The Indonesian version of the article is available here
Mandala Kanekes is just like a mysterious black hole at the center of Milky Way, 26 thousand light-years from Earth, forcefully drags on every matter surround it, nowhere to escape. Since the eighteen century, when a Dutch traveler, Blume, felt in love with the allure of the nature of Kanekes’ land, up till nowadays in the twenty-first century there have been many scientific fellows, backpackers, and Baduy’s volunteers visiting Kanekes’ village.
Researchers, mostly academics, are interested in the social life of the Kanekesian or are concerned about environmental issues to study scientifically about the cultural, social, and economic activities of the Kanekesian. They do the researches as studies’ fulfillment in their respective field for master theses or doctoral dissertations, scientific journals or books.
Unlike the researchers, which numbered few—not exactly few, however, there are actually a plethora of academic articles pertaining to Kanekes scattered online—tourist visitors have been in an incessant influx into the village of Baduy, except during the Kawalu Fest, which lasts for three month –usually begin in March and end in May, during which no visitors can enter the village—these visitors, act as tourists, walk along the footpaths, watch gleefully every object they find on the way onto the village, some stay for a couple night, some detour in a day fulfilling their alluring curious imagination of Kanekes. When they go back, the unforgettable moment of the experiences they encounter wrap around their memories, but then forget carelessly any plastic they bring onto the village.
Unlike the tourist-visitors, the Baduy’s volunteers, who mostly come from outside of the village but have passions and intentions to respect and preserve Kanekesian’s ways of life, they come to offer their services to volunteer. Most likely these volunteers have aligned their vision and mission with the Baduy’s, either politically wrong or politically correct. They are prepared to raise an objection to any activities that will surely destroy the land, culture, and people of Kanekes. For example, if there is an ongoing ‘plot’ to open onshore oil exploration, then these volunteers will do their part protecting the Kanekes. They will oppose any illegal lodging activities and they will be very happy to campaign a Car Free Day in the village (which is impossible because there is no way car roads inside the Kanekes village!)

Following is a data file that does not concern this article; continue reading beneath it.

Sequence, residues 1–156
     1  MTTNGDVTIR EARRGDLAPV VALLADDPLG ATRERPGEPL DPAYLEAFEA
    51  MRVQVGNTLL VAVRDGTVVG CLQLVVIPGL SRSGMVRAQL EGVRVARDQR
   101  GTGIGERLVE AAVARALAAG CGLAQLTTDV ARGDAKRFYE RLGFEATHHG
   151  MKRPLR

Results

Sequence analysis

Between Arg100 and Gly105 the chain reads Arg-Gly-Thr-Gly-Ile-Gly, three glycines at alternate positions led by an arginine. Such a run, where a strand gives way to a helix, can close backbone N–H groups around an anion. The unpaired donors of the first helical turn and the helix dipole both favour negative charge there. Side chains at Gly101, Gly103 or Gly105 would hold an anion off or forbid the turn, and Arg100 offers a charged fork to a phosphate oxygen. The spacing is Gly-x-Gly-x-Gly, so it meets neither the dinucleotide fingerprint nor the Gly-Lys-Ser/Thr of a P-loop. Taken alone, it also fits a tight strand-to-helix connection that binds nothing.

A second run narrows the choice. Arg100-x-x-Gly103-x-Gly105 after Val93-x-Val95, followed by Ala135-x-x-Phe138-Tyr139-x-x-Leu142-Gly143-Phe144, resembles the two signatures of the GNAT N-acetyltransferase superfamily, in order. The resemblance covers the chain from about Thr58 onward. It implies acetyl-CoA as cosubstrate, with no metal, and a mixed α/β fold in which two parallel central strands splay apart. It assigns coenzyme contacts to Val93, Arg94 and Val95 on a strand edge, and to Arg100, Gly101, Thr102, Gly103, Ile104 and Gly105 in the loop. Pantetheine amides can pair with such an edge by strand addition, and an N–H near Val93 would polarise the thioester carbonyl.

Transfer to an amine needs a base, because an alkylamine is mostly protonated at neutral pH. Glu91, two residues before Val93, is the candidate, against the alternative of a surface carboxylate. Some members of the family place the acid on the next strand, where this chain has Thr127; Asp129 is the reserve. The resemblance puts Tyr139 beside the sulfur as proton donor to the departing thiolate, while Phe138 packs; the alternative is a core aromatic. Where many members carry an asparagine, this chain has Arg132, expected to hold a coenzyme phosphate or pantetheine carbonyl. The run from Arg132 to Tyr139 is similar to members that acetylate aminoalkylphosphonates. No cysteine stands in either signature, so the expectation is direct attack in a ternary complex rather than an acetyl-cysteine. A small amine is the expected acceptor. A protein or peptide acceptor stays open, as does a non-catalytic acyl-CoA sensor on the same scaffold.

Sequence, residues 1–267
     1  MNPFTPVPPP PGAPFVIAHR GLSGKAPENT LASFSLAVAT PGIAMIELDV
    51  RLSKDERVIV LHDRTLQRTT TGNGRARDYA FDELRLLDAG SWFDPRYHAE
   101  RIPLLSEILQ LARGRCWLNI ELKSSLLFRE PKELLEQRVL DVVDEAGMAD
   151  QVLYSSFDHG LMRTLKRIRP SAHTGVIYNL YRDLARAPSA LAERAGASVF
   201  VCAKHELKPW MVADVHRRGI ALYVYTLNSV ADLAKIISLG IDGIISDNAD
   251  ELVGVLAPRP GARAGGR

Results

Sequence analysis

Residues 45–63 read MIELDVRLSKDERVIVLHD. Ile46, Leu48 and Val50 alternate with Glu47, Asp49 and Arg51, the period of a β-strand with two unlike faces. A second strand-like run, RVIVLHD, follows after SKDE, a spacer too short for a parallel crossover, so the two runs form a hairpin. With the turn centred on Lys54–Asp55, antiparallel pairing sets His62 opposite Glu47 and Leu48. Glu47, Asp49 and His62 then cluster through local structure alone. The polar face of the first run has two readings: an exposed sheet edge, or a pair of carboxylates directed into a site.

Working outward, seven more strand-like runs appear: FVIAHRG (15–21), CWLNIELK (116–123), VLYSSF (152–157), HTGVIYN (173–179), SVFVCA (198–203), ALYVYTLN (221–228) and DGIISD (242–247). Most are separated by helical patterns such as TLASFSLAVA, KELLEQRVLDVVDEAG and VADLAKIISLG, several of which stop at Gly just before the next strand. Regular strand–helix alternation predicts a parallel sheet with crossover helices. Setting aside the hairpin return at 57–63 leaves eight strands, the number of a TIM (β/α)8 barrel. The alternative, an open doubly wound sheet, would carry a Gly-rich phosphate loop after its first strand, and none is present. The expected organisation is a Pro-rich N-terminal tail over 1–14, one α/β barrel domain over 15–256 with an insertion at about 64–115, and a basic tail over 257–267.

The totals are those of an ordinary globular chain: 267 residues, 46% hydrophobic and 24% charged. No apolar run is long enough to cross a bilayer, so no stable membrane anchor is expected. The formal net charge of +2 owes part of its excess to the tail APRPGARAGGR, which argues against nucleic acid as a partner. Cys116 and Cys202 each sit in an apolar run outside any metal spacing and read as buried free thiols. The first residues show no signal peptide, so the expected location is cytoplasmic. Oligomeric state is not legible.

The effects of visitors’ influx
The effects of visitors’ influx have been a double-edged sword. On the one hand, some benefits emerge from the visitors as they bring money to the village. It boosts the economic activities of the villagers and there are more options available for villagers to make money instead of traditional farming only. Villagers may sell crafts, traditional woven-clothes, honey bees, and some fruits like coconut, durian, and mangos. On the other hand, visitors bring problems that the villagers some time difficult to handle. For instance, the problem of plastic garbage the visitors bring in.
Mulyono Kanekes reported his volunteering activity on plastic cleansing operation just to clean scattered garbage left by visitors who had carelessly forgotten to bring back plastics they brought in. They bring with them ‘unforgettable memories’ back home but they are in deep shit ignoramus forgetfulness of taking back plastics out of the village.
Ujung-ujungna, urang Kanekes keneh bae nu katempuhan. (Read: Consequently, villagers have to play the chorus of cleansing these scattered plastics)
Identifying solutions to the problem